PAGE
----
The report is likely to be tabled in Sebi’s upcoming board meeting on March 28.
Sebi had appointed two audit firms, EY and Deloitte India, to conduct a forensic audit and establish whether there was collusion between the brokers and exchange officials. The firms have conducted the probe under the regulator’s supervision.
Sources say Sebi had independently scanned internal emails of brokers and their communications with the exchanges.
The brokerages concerned were asked to share information relating to their agreement with Sampark Infotainment, a company that had provided the dark fibre between the NSE and the BSE. A dark fibre connection was to link colo servers of a broker in two exchanges, enabling them to obtain the stock data and trading information.
Sources say with this report, Sebi would soon decide action in the matter and pass its final order on the entities involved.
The report could pave the way for the NSE to re-file the consent plea with Sebi for settling the issue. The regulator early this month had returned the NSE’s consent application, citing pending investigation.
The NSE, along with some of its former and current employees, had submitted its consent application on July 28 last year. Early this month, Sebi had returned the consent pleas, citing pending investigation.
The NSE had said it intended to re-file the application after investigations were completed. At present, only the brokers’ audit report on unfair gains is pending.
In November last year, the NSE had submitted two audit reports to Sebi, prepared by EY and the Indian School of Business (ISB). EY was given the mandate to do an audit into the cash, currency derivatives, and interest rate future segments, while the ISB was to determine whether certain brokers made undue profits by getting preferential access to the exchange’s platform.
Earlier too, the NSE had appointed Deloitte for a forensic audit, which had established that the trading systems at the NSE colo facility were prone to manipulation. But the consulting firm was not able to find evidence that entities in the ecosystem made monetary gains. The report, however, mentioned that preferential treatment might have been given to a few stockbrokers. It had said some stockbrokers were consistently the first or second people to connect to a fallback secondary server between December 2012 and May 2014. And it said it could not be possible without exchange employees’ knowledge.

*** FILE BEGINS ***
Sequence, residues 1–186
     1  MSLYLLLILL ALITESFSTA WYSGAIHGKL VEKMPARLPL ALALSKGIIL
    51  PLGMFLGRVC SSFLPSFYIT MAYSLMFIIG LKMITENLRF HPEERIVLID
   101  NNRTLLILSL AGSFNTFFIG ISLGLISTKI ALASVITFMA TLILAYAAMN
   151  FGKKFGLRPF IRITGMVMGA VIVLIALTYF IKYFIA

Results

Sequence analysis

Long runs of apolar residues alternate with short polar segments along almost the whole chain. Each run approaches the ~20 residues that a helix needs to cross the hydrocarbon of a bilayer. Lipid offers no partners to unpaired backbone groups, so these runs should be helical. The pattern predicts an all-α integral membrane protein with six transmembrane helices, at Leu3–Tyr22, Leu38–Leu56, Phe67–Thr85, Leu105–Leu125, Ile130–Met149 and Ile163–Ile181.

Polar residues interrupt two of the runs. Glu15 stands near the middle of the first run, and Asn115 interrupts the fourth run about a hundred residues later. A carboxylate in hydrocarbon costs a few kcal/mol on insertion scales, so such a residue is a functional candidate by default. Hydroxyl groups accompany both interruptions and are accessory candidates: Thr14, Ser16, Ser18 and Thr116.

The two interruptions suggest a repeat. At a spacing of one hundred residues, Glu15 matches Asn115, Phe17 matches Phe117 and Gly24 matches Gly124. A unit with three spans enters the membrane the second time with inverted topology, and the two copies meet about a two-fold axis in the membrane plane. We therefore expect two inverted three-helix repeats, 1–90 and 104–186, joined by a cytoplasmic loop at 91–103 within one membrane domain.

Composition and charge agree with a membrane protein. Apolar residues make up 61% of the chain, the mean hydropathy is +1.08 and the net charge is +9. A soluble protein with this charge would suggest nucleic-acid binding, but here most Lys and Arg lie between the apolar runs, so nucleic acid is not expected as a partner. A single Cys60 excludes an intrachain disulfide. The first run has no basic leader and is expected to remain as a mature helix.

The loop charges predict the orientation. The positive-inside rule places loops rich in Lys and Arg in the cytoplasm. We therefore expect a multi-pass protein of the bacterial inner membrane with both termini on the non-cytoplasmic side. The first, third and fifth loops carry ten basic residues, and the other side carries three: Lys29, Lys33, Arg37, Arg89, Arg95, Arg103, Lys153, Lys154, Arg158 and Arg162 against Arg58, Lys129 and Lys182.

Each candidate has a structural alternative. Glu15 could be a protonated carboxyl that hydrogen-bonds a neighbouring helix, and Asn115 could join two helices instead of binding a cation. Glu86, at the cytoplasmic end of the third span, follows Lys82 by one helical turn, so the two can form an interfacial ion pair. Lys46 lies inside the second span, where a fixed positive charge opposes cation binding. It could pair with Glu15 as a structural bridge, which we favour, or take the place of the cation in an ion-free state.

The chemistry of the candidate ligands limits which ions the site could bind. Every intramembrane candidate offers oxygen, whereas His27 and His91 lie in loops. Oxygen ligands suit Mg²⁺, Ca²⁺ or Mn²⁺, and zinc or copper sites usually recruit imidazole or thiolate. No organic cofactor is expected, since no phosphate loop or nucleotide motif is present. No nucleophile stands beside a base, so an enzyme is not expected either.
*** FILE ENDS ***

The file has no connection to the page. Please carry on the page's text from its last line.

The issue at the NSE is related to allowing brokers to set up servers next to the exchange’s trading servers on their premises, popularly known as colocation. This has given these brokers the advantage of getting access to trading data quicker by a split second as compared to other brokers. Based on the internal probe, Sebi had issued show-cause notices to the exchange and 14 officials for alleged violations of securities contracts rules and stock exchange clearing corporation rules. The notice had mentioned failure on the part of NSE officials in ensuring fair access and their non-cooperation during the probe.
If the exchange is held guilty, it will pay the penalty, but if employees, especially former officials, are responsible for the alleged violations, the exchange would not bear the cost, said another person in the know of things.
THE STORY SO FAR
March 2016: Sebi’s technical advisory committee submits its report, notes NSE violated norms of fair access, allowing some brokers to benefit
October 2016: NSE appoints Deloitte to examine the allegation, as directed by Sebi
December 2016: Deloitte submits its report, finds fault in the co-location architecture
March 2017: NSE appoints EY to audit its cash, currency, and derivatives segment; ISB appointed to determine whether certain NSE brokers made any abnormal profits
August 2017: Sebi appoints EY, Deloitte to jointly probe brokers’ role in the matter
November 2017: NSE submits EY, ISB reports to Sebi
March 2018: Sebi board to be apprised of brokers’ probe report